Because lawyers are trained to think of their time in 6-minute increments, the issue can also run deeper. A stretched associate may think twice about spending 1.7 hours at dinner with friends—or 2.2 hours if they are close friends—instead of working toward her billable hour target. Less balance ensues, and faster burnout.

Moreover, the billable hour system tends to stifle larger, more strategic projects and creative thinking, which are essential for applying behavioral economics principles to better understand the decision-making processes of your clients and develop unique solutions based on their needs.

Assuming we can’t change the billable hour system, what can firms do to encourage creative, strategic, and efficiency-enhancing change?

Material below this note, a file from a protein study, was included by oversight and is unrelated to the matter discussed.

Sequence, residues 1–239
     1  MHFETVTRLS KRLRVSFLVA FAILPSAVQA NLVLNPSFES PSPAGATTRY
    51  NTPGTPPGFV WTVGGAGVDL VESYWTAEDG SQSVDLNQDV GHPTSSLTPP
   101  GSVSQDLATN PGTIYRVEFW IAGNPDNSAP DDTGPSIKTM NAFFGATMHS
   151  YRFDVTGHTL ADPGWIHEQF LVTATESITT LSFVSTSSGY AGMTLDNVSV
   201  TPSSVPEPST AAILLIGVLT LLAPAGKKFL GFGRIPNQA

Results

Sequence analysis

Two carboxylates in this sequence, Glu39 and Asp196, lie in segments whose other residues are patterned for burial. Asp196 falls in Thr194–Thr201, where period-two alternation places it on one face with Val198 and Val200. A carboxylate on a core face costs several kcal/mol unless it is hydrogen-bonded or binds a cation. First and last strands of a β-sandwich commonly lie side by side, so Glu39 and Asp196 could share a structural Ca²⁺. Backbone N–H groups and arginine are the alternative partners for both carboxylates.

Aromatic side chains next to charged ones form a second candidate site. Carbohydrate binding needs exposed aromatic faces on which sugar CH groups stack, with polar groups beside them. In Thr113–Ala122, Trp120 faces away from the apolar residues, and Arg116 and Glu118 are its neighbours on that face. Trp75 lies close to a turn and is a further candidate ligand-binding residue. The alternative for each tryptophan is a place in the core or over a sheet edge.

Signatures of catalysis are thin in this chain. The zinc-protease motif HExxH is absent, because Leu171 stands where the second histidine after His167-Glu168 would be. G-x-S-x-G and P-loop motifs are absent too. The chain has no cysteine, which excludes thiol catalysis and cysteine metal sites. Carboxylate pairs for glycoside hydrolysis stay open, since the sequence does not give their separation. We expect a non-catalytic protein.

Firms need internal mechanisms to recognize and reward activities that help the firm separate itself from the competition. One way to plug this gap is to introduce an “innovation hour” as credit towards billable hour requirements.

At Dentons, lawyers can spend time on activities like exploring new technology, considering new ways to streamline routine tasks, and talking with clients and internal stakeholders to find new ideas for incremental revenue streams or new services. Assigning real value to these types of activities at the same level as traditional client work sends the message that change is not only good, but rewarded. When that happens, you see more grassroots enthusiasm, psychological safety, and comfort with trying and failing without judgment.